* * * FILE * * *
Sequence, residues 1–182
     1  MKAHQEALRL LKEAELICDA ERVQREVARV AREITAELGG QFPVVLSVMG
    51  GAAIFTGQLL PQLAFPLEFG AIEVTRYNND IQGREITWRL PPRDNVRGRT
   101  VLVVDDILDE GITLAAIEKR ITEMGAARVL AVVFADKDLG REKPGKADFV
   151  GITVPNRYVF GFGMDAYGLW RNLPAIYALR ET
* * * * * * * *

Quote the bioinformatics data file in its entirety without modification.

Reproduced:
Sequence, residues 1–182
     1  MKAHQEALRL LKEAELICDA ERVQREVARV AREITAELGG QFPVVLSVMG
    51  GAAIFTGQLL PQLAFPLEFG AIEVTRYNND IQGREITWRL PPRDNVRGRT
   101  VLVVDDILDE GITLAAIEKR ITEMGAARVL AVVFADKDLG REKPGKADFV
   151  GITVPNRYVF GFGMDAYGLW RNLPAIYALR ET